Wednesday, July 30, 2008
My internal clock is all messed up. Three different countries and four different time zones in less than two months is not good for the body and I’m confused at what time, day, month, season it is right now. Luckily Melbourne’s Summer Cats have come along to rescue me from my circadian rhythm woes with their new Wee Pop! Records EP, Passion Pop.
Summer Cats deliver the pop chops like no other and the first song on Passion Pop, “Burt Toast,” has an awesome Cure-like bass line that bounces along while call-and-response vocals chant above and even a little cowbell gets in on the action.
“Head To Toe” has haunting little melody that sounds like a Hawaiian sunset, no ukulele, hammock or piña colada required…
I’m going to say that the lyrics aren’t the focus on Passion Pop and that may sound like a putdown coming from me, but really, I’ve been blasting this album in the car with the windows rolled down and nothing sounds better than the “ooos” and “ahhsss” and “weeooooos.”
To keep it simple, Summer Cats’ Passion Pop offers up what Wee Pop! Records do best, sweet music to sing along to and enjoy repeatedly. Summer really begins now.
Summer Cats-“Head To Toe”
Summer Cats on Myspace!
Wee Pop! Records site
Wednesday, July 23, 2008
Like it says in the headline, Pixar's latest feature directed by Andrew Stanton, Wall-E, is essentially, a masterpiece, an engrossing slice of pure cinema that I place near and dear to my heart.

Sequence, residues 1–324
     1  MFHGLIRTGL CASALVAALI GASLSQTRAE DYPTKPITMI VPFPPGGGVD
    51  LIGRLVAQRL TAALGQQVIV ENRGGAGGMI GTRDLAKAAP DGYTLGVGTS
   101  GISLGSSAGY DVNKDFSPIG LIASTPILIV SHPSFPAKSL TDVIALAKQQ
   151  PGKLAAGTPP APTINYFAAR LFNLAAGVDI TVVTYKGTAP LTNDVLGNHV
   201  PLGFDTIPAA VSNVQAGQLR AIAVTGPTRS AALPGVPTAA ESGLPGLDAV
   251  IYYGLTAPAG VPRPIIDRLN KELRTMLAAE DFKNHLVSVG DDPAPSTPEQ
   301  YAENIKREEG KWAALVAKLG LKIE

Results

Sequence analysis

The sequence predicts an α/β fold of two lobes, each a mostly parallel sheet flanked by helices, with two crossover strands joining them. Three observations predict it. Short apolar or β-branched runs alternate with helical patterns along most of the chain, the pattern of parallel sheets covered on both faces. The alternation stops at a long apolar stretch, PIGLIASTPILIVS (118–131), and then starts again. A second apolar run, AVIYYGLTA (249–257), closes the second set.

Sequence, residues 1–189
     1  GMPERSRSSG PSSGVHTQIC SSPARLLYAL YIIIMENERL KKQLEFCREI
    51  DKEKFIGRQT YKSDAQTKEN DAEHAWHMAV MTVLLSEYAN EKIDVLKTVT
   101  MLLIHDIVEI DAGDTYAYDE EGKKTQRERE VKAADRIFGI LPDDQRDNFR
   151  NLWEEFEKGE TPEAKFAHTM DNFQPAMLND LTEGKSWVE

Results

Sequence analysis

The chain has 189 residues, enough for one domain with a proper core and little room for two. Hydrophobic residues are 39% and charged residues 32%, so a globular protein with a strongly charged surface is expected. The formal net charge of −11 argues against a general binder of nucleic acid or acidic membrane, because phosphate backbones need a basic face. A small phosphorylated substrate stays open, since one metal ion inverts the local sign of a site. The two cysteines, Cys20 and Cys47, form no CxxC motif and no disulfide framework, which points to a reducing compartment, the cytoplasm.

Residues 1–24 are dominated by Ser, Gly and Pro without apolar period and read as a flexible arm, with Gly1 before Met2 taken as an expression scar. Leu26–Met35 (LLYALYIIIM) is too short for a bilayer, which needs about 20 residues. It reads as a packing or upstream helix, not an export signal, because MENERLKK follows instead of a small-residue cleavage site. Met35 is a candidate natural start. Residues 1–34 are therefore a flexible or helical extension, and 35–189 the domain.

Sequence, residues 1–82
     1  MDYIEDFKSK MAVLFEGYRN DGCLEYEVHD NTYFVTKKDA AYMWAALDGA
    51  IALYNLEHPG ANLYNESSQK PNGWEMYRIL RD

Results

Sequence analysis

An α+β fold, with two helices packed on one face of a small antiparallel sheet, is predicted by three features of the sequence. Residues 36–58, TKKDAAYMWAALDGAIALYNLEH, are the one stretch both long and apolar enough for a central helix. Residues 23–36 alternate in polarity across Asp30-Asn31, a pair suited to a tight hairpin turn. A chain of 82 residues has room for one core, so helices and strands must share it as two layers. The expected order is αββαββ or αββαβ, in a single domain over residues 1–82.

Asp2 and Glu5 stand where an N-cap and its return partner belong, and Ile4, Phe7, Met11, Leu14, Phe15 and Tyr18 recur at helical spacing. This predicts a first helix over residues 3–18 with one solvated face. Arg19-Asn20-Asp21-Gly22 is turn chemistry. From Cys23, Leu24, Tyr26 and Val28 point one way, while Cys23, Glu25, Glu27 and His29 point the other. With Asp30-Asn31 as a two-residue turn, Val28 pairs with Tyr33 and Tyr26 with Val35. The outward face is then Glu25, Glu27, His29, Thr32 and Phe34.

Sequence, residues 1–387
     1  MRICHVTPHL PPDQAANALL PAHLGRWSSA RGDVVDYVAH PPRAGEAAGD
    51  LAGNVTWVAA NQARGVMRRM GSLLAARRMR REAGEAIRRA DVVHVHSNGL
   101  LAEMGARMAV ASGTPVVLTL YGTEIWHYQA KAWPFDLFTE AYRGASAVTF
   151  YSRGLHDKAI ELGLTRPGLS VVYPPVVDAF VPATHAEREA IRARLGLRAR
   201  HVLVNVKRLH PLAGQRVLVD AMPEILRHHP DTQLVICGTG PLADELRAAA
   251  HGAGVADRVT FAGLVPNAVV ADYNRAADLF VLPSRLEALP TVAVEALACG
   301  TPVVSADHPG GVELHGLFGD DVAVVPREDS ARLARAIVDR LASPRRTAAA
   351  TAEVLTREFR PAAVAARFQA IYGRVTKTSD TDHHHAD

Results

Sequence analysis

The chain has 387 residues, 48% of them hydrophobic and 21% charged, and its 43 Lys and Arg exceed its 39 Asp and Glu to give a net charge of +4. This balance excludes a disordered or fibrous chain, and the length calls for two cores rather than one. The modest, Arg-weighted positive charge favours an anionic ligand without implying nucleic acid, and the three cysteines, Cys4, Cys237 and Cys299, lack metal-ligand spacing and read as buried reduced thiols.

I think the theme of Wall-E has been the most difficult to grapple with out of everything in the film. The environmental slant is almost incidental to the story. To say that it is all about the dichotomy between "technology" and "nature" would not give Stanton and crew enough credit. Actually it's kind of insulting. What they propose here is that the complex relationship between technology and nature has merely distracted humanity's struggle for survival. It isn't the tools we've acquired, it's how we use them.
The ending for Wall-E is so hopeful, sweet and sublime because humans and robots learn that it is motivation and passion that ultimately save themselves, not the nature of their existence. The film doesn't wonder why we are here, but what are we going to do while we are here.
I could have never have wished for such a startling and beautiful film that disproves (along with The Dark Knight) the idea that mainstream cinema enforces ruling ideology. I know there can be claims against this (made by a huge corporation, Wall-E as a working class character, hopeful ending, current hip environmental views, etc.), but time and time again Stanton and crew (through their passion and motivation) prove the cynics wrong and show that in Wall-E hope is something still worthwhile and even something still worth striving for in our infinitesimal existence.
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Wall-E on IMDB
Buy N Large
Sunday, July 20, 2008
This is my favorite Wee Pop! release of the year so far.
Mexican Kids At Home is unassuming band from the UK and on When We All Live In Igloos they sound like a chibi version of Led Zeppelin. That isn’t to say these guys and gal don’t rock the fucking house (they most certainly do).
“Start A One Man Band!” is more rock ‘n’ roll than anything I’ve heard this year. Racing piano/marimba, lovely interplay with boy/girl vocals, some nicely executed tempo shifts and plenty of soulful “oooos” to make even the most twee bands puke, this song seriously kicks ass.
Songs like “Down By The Fire” and “Illustrations (On A Page)” contain enough tribal/exotic/medieval influences to be interesting and novel without overbearing the wonderful melodies. The latter track is especially groovy with its noodly keyboard lines and repeated mantra, “Sail away, sail away/on the clouds in the sky.”